China will for the first time allow foreign companies to explore for and produce oil and gas in the country, opening up the industry to firms other than state-run energy giants as Beijing looks to boost domestic energy supplies.
The long-awaited opening comes alongside Beijing’s reshuffle in the so-called “midstream” pipeline business, but experts say the policy relaxation may not draw immediate interest from international drillers due to the overall poor asset quality of China’s hydrocarbon resources.
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From May 1, 2020, foreign firms registered in China with net assets no lower than 300 million yuan ($43m) will be allowed to take part in oil and gas exploration and production, the Ministry of Natural Resources said at a media conference.
The change will also apply to domestic companies that meet the same asset criteria.
“China is accelerating the sector reform due to growing energy security concerns,” said Zhu Kunfeng, Beijing-based analyst with IHS Markit, “Vitalising the industry by diversifying the participants, including foreign and private investors, is the focus of that reform.”
China now imports 70 percent of crude oil it refines and nearly half its natural gas consumption, and state firms face an uphill battle boosting reserves and production outside China amid growing geopolitical risks.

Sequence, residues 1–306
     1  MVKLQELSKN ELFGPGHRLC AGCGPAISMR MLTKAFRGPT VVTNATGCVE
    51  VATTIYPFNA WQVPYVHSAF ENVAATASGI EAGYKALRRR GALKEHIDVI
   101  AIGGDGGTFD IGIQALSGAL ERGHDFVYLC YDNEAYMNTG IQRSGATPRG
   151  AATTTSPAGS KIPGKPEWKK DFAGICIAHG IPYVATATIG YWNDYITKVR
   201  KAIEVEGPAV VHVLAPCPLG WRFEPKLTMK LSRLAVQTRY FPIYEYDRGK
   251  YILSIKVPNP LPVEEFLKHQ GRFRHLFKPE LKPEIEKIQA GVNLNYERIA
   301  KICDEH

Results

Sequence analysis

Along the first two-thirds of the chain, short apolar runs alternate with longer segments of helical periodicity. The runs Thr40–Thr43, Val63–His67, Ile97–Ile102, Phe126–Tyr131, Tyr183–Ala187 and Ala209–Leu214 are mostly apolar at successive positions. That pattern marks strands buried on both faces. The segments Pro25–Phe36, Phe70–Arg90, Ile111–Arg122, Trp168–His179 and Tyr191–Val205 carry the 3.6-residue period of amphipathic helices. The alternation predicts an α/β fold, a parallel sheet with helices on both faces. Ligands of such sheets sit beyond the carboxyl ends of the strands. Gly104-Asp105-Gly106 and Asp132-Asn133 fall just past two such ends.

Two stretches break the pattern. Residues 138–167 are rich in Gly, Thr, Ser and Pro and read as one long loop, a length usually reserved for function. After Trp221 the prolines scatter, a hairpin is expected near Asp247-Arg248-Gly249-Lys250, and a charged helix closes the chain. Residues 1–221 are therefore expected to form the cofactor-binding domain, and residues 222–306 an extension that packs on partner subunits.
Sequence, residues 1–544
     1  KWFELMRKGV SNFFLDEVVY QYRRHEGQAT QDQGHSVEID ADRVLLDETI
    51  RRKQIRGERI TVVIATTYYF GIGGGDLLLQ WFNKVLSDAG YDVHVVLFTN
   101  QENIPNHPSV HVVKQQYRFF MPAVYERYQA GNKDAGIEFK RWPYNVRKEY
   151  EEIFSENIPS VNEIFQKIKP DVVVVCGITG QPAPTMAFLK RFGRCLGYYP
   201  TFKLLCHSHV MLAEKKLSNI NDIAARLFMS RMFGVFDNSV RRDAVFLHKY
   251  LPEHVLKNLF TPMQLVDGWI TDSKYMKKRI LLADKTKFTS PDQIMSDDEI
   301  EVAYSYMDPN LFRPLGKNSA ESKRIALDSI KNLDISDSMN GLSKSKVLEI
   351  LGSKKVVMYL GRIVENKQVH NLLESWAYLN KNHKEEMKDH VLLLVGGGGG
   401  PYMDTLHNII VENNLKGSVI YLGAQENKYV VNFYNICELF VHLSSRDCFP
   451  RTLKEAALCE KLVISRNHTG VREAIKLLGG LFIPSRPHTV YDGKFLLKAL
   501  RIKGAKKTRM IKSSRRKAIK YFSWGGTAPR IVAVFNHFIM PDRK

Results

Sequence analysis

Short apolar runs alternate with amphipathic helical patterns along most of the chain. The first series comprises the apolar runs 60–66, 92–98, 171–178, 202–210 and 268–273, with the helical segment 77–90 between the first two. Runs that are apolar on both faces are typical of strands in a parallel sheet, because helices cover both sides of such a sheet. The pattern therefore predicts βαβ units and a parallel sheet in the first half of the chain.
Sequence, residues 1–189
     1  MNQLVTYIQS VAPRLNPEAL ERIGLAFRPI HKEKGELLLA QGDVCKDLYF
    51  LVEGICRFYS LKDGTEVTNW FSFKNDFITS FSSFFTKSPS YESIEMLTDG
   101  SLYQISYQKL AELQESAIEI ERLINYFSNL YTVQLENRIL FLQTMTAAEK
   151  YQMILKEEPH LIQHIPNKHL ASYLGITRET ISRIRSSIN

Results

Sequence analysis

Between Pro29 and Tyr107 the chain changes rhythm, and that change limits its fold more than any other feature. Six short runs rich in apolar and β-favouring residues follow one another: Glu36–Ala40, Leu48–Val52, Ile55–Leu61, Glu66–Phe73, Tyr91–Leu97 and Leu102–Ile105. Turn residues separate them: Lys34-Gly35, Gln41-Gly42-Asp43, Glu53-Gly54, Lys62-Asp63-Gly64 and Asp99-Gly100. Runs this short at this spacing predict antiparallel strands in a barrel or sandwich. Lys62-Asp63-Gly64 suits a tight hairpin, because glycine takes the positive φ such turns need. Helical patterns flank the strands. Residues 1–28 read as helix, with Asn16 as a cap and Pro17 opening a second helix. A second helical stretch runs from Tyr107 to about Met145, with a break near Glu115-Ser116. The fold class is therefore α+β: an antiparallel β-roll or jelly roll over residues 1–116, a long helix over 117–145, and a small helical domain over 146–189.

Previously, international companies could enter the industry only via joint-ventures or through cooperation with Chinese firms, mainly state-owned majors such as China National Petroleum Company (CNPC), China Petrochemical Corp (Sinopec) or their listed vehicles.
Mineral resources mining permits will be valid for five years at initial registration, and can potentially be extended for another five years.
When firms apply for extensions, the government will automatically cut the area of the mining/exploration zones by 25 percent from the originally registered level, the ministry added.
The new rule on cutting the acreage size will effectively force state firms which control most of the prospective oil and gas deposits to cede some of their acreage, said a government official involved in the reform.
“Compared to previous measures of exploration work commitment, the new rule makes the acreage transfer more efficient and compulsory,” said the official.
But as global firms are becoming more disciplined in spending after the 2014 oil crash and as other resource host nations such as India and Malaysia also try to polish up terms to attract investment, the reform may not lure an immediate flow of foreign investment.
Chinese majors have also tapped most of the best assets onshore and offshore, with the under-explored resources such as shale oil and shale gas costly to develop due to complex geology.
“The policy may come too late … as the sweet spots are all taken,” said a Beijing-based industry adviser to a European oil and gas firm.
Rather, domestic independent companies, such as oilfield service providers or firms with some exploration experiences abroad may be drawn to the game, said IHS’s Zhu.
Also as part of the reform, the ministry said licences for all mineral resources will be awarded through competitive bidding and tender processes with the exception of rare-earth elements and radioactive mineral resources, where licences will still be strictly controlled.